“At first, six villagers, including me, decided to venture into trout farming, while others were apprehensive about its outcome. We were provided with Rs 40,000 ($483) for constructing a tank and also 500 fingerlings each. We were also trained by the officials of fisheries department as we knew nothing about fish farming. We faced severe set-back when the entire stock died due to our lack of experience. But didn’t give up and started making profits from 2012,” Samdup recalls.

The fish farmers attribute the constant supply of water and perfect climatic conditions for the village becoming the hub of rainbow trout farming.

“The fish require temperatures of around 14-18°C, which is commonly available here, as the temperature barely goes beyond that, even during an extreme summer. The natural springs ensure that we get an uninterrupted supply of water 24/7, as even a minor disruption can be catastrophic and could result in severe mortalities which we have faced in the past when the pipes connected with the springs got washed away in floods, resulting in huge losses to farmers,” points out Indra Bahadur Chhettri, a member of the trout rearing co-operative society.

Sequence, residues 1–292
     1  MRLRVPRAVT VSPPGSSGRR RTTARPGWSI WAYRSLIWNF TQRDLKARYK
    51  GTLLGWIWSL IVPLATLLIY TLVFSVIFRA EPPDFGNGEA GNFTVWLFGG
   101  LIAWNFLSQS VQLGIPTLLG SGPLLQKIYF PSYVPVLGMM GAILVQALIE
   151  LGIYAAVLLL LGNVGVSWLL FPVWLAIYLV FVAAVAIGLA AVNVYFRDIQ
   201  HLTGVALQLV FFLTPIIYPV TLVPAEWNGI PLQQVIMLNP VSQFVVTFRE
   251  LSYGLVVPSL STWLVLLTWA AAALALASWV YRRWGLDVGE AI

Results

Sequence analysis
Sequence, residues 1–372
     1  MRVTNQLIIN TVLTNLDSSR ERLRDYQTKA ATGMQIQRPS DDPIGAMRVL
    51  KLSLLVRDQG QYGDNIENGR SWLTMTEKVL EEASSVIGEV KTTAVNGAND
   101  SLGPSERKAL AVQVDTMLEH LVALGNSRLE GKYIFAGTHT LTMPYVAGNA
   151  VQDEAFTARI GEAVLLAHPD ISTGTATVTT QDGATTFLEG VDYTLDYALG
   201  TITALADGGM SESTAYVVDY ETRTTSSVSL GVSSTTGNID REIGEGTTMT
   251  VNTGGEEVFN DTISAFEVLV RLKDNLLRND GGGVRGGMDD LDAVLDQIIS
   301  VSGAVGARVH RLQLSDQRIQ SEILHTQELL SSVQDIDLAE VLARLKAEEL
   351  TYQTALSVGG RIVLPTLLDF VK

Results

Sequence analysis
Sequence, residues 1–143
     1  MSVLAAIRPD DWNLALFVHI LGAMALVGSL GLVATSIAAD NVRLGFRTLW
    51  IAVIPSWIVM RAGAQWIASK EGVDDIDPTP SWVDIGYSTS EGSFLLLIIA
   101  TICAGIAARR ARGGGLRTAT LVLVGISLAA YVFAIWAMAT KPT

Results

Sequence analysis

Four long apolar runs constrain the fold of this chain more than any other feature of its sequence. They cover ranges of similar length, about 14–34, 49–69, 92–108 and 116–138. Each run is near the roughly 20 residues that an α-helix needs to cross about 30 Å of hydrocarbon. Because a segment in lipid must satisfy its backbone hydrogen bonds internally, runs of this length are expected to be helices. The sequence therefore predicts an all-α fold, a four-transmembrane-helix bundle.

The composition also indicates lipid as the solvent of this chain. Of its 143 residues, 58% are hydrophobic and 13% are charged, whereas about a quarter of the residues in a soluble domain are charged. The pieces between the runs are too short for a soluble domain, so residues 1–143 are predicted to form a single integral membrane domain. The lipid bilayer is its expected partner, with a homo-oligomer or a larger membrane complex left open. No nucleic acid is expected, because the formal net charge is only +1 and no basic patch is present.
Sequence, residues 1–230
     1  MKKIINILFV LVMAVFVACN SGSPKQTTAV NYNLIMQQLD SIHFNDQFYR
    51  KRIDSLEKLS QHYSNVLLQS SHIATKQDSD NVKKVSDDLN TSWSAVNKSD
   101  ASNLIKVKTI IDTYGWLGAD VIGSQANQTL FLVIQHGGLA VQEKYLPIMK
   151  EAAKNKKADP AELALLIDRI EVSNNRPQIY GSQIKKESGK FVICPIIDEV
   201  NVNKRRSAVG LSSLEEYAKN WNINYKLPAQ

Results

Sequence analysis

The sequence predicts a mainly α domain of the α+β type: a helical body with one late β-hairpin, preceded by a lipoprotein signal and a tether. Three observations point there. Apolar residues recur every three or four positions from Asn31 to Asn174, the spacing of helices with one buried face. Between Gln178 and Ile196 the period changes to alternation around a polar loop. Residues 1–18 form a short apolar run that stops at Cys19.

Kal Bahadur Gurung, 40, one of the big fish farmers in the village, recalls facing collective losses of Rs 13 lakhs ($15,722) in 2016 and 2017, his water intake pipes were washed away.

“Rainbow trout farming is a profitable business but we have to depend heavily on natural water for farming. Even a minor disruption can prove fatal and lead to severe mortalities. We remain concerned more about water than diseases, which we control by throwing salt into the water,” he reflects.

a man looking into a fish tank
Indra Bahadur Chhettri, a member of the trout rearing co-operative society

© Gurvinder Singh

Demand and supply

According to senior fisheries officials, Sikkim – which has a population of around 0.67 million (census 2011) – has 760 rainbow trout raceways with an annual production of 340 tonnes (2022-23), while the production was just 95 tonnes in 2014-15.

Sikkim also has nine hatcheries, including three belonging to the government and the rest owned by farmers. The total fingerling production in the state was 619,000 in 2022-23, well above the 253,000 produced in 2018-19.